Robert M. Peak (1927–1992) is an award-winning American illustrator best known for his thirty year contribution to the film industry, creating vibrant and exciting designs for modern movie posters. The United States Postal Service commissioned him to design thirty stamps for the 1984 Olympics, and throughout his prolific career Peak created cover art and illustrations for a wide variety of magazines. In addition, he taught at the Art Center College of Design in Los Angeles and at New York’s Art Students League.
Born in Denver, Colorado, Peak grew up in Wichita, Kansas. At an early age he displayed a talent for art, and had an interest in becoming a commercial illustrator. While attending Wichita State University, Peak took a part-time job in the art department of a local printing and graphics firm, McCormick-Armstrong. After serving in the Navy during the Korean War, he enrolled in the Art Center College of Design in Los Angeles, California, where he graduated in 1951.
In 1953 Peak moved to New York City and worked on an Old Hickory Whiskey advertising campaign, followed by numerous assignments in such major national magazines as Time, Esquire, Good Housekeeping, TV Guide, and Ladies’ Home Journal, among others. In 1961 United Artists film studio hired Peak to design the poster images for the film West Side Story, the success of which began a three-decade-long career in designing movie posters for such big-budget films as My Fair Lady (1964), Camelot (1967), Superman (1978), six Star Trek films (1979-1991), and many others. He is credited with having a major impact on the development and style of subsequent movie poster artists and was in great demand by film directors throughout the 1980s.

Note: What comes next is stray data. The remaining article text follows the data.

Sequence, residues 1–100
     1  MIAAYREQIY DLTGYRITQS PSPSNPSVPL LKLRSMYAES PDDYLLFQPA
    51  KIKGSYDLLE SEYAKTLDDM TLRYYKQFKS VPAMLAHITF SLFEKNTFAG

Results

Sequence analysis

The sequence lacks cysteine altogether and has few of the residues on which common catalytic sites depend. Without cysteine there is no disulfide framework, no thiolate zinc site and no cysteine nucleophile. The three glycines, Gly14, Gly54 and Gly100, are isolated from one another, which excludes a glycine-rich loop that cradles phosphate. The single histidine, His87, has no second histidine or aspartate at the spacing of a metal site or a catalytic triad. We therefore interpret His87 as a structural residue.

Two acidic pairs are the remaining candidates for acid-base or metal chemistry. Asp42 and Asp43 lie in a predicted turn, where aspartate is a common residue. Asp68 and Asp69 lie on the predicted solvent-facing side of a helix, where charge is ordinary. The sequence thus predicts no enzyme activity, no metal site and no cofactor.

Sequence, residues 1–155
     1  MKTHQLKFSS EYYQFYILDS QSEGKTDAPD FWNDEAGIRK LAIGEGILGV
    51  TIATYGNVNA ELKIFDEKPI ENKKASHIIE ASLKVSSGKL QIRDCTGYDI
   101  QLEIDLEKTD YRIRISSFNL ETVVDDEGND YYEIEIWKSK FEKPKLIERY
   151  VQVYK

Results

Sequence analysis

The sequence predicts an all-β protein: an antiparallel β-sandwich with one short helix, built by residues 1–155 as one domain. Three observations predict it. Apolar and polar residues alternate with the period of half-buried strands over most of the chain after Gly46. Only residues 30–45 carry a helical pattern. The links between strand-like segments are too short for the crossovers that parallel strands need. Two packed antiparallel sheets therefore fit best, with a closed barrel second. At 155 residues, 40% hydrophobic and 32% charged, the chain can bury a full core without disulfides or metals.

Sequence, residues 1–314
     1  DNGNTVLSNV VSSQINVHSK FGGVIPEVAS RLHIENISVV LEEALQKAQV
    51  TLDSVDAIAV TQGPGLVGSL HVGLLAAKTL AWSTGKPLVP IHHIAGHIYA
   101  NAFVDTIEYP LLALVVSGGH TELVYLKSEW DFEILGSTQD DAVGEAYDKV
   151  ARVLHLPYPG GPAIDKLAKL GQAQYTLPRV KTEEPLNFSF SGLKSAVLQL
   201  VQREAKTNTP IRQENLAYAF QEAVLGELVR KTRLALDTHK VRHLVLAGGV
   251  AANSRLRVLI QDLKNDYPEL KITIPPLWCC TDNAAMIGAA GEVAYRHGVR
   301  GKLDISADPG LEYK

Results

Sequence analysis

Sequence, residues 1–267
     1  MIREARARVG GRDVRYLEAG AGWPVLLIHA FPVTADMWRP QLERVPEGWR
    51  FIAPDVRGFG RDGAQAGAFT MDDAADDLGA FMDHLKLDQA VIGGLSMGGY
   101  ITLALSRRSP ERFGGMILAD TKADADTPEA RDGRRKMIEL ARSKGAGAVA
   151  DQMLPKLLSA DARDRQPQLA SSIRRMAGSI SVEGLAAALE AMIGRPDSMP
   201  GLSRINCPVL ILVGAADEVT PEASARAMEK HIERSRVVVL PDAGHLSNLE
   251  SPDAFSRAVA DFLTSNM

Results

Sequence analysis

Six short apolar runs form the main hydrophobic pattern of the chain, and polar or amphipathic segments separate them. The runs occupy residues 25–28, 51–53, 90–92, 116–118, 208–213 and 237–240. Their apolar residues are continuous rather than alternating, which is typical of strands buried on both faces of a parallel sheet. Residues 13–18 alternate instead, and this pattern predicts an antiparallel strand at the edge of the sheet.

Peak won more than 150 awards, from numerous organizations, such as The Society of Illustrators, New York; The Artists Guild, New York; Art Directors Club of New York; Art Directors Club of Philadelphia; Advertising Club of Boston, and The Hollywood Reporter. In 1977 the Society of Illustrators elected Peak to its Hall of Fame. For the 1984 Olympics, the United States Postal Service commissioned Peak to design thirty stamps. He also created thirty-one watercolors depicting various sports events in the history of the Olympics for the book entitled Golden Moments, commissioned by the United States government.
Peak’s work has appeared in numerous art exhibitions and solo shows. His paintings of Anwar Sadat, Mother Teresa, and Marlon Brando hang in the Smithsonian Institution’s permanent collection. His career ended abruptly and tragically in August 1992 after he suffered a brain hemorrhage in a fall.
 “Bob Peak.” Wikipedia. Accessed September 14, 2020. https://en.wikipedia.org/wiki/Bob_Peak
 “About Bob Peak.” The Art of Bob Peak. Accessed September 14, 2020. https://bobpeak.com/about/
This artist's biography was written by Phyllis Geraghty, a writer with professional experience in the public relations, education, health, and non-profit sectors.
Illustrations by Robert Peak
King, Emily. A Century of Movie Posters: From Silent to Art House. New York: Barron’s, 2003.
Peak, Robert. People, Places & Things. Chicago, IL: Jack O'Grady Galleries, 1978.
Peak, Robert and James A. Michener. Golden Moments: A Collection of United States 1984 Commemorative Olympic Issues. Washington, DC: United States Postal Service, 1984.
Peak, Tom. The Art of Bob Peak. Burbank, CA: Peak Books, 2012.
Reed, Walt. The Illustrator in America, 1860-2000. New York: Society of Illustrators, 2001.
Salavetz, Judith, Spencer Drate, Sam Sarowitz, and Dave Kehr. Art of the Modern Movie Poster: International Postwar Style and Design. San Francisco: Chronicle Books, 2008.